On February 19, a man wielding a gun interrupted another man stapling posters for a rock show to a telephone pole on Capitol Hill. The armed man complained that his posters were being covered up. He yelled at the postering man, ripped several layers of posters from the pole, and then, after the victim called 911, he left.
The war between Seattle's two main postering companies has been an established element of local lore ever since a scrappy upstart, Poster Midget, emerged two years ago to compete with the old standby, Poster Giant. Poster Midget calls itself "the little people's postering company," and has accused Poster Giant of destroying posters and retaliating against people who complain about its tactics. The appearance of an actual gun—capable of dispensing bullets, not staples—raised questions of whether the war has moved from trash talk to actual violence.
Here's the twist: The victim of this unrealized attack (by a man whose name is still unknown) was none other than Doug Cox, the president and founder of Poster Giant. Matt Moroni, who runs Poster Midget, has publicly accused Cox of violating postering ethics.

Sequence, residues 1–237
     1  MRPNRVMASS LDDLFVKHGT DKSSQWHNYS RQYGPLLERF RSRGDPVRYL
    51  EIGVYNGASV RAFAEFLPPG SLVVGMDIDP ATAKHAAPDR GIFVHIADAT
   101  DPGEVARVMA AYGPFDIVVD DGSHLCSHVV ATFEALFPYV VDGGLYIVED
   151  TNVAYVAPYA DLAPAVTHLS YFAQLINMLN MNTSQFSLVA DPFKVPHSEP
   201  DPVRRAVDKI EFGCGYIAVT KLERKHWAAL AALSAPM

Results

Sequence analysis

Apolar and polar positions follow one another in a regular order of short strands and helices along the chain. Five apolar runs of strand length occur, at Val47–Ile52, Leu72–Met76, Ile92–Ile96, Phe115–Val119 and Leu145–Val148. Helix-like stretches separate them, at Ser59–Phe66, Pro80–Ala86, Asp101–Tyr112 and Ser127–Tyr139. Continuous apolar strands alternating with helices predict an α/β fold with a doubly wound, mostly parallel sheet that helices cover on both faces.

"Poster Giant has a very bad reputation of ripping down everyone's posters and putting up its own stuff," Moroni says. However, he adds that even though he's been threatened by Poster Giant staffers in the past ("They just vibed me. And they're bigger rocker guys."), no one at Poster Midget would have sunk to the level of threatening violence in retaliation.
"We're too broke to own a gun. No way!" he says. "That's not a very manly thing to do."
For his part, Cox admits he and his staff occasionally cover over posters for events that haven't happened yet, but he denies covering entire poles with one poster or using intimidation to protect his product. He says the realm of poster advertising is an unregulated free-for-all, just as it should be.
It's hard to choose sides in this debate. According to Marcus Wilson, a promoter who puts up his own posters, both companies take advantage of the lack of rules. "Everybody has become really ruthless about it," he says.
Ironically, the value of the utility pole as advertising real estate may be on the decline, or at least in question. Moroni says he always tells his clients they can't rely on posters alone, and that MySpace and other internet marketing venues are a necessity.